Heating and cooling of sample materials is often required in some biological and other chemical reactions. For example, polymerase chain reaction (PCR) is a commonly used method in molecular biology to amplify DNA. The PCR takes advantage of multiple heating and cooling cycles to denature, anneal, and elongate the DNA. These changes in temperatures are typically accomplished by a thermocycler, which is expensive and constrain the user to relatively large reaction volumes. Therefore, a simple and inexpensive method for changing the reaction temperature that is amenable to a variety of reaction types and reaction volumes is desired.
Researchers at the University of Michigan have developed methods and microfabricated systems for running reactions, including PCR, in a Rayleigh-Benard convection cell. The system utilizes a novel application of Rayleigh-Benard convection principles for conducting biological or biochemical reactions, and contains a reaction chamber, solutions, starting molecules and a heat source (at or near the bottom of the reaction chamber). A cooling source is also provided at or near the top of the reaction chamber. The total reaction time can be limited by any applicable means including depletion of starting molecules, accumulation of reaction end-products or by-products, change in temperature, addition of a termination substance(s) or change in pH.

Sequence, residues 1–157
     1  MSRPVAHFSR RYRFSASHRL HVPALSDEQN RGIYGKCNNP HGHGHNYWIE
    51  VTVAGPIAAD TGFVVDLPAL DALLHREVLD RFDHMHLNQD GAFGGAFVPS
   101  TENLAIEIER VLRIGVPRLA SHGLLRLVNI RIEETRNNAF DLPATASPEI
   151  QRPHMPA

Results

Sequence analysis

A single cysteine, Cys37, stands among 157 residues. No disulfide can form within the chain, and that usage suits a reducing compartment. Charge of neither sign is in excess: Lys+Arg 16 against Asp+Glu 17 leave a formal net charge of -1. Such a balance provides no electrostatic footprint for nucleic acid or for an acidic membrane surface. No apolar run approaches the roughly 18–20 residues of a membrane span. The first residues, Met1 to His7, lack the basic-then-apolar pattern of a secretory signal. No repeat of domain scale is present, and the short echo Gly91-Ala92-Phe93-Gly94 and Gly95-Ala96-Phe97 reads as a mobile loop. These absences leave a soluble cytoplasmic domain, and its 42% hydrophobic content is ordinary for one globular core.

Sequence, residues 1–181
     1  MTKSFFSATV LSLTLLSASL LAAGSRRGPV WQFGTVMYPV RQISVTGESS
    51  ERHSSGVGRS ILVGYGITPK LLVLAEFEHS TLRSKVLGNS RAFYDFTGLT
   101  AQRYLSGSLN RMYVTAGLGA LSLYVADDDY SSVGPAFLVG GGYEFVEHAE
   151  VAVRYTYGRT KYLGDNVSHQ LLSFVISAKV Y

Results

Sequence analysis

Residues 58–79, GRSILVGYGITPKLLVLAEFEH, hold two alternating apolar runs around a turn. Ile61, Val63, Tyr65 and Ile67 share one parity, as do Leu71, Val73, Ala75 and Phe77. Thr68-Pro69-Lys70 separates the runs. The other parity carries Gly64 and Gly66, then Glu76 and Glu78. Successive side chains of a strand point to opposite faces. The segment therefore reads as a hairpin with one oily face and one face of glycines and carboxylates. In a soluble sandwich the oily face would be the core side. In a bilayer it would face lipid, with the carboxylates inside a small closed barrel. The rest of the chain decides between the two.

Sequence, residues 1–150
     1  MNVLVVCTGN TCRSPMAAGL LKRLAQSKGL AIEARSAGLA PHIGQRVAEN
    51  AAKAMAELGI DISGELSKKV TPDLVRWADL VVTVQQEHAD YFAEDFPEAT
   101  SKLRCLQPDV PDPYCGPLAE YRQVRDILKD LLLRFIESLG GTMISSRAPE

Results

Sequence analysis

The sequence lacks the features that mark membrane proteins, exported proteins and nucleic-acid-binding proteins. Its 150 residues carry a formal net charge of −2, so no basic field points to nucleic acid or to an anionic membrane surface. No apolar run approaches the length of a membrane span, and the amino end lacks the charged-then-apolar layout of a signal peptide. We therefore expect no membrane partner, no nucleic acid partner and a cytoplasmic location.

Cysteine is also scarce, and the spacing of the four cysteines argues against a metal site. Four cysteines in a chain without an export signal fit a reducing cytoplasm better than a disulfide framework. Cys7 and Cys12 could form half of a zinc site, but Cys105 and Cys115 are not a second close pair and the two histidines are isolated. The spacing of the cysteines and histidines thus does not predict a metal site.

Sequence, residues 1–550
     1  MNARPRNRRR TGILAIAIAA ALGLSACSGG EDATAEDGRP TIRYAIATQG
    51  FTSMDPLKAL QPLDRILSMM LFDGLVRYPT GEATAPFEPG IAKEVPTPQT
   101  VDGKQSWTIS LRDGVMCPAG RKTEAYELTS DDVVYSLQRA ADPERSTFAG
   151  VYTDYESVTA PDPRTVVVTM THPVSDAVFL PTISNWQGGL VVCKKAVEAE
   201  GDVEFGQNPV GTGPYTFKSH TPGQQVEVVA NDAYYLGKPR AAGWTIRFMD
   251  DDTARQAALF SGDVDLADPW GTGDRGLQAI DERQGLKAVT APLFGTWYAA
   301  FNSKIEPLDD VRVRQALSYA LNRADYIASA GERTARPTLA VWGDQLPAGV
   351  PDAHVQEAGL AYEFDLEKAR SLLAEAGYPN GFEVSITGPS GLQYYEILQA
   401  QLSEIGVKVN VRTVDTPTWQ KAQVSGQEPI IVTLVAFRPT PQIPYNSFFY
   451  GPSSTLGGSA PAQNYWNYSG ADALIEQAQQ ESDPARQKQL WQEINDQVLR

Applications and Advantages
- biological/ biochemical reactions and assays-nl-with temperature differential in reactant solutions
- microfabricated system
- removable, replaceable reaction chamber for-nl-the isolation of reaction products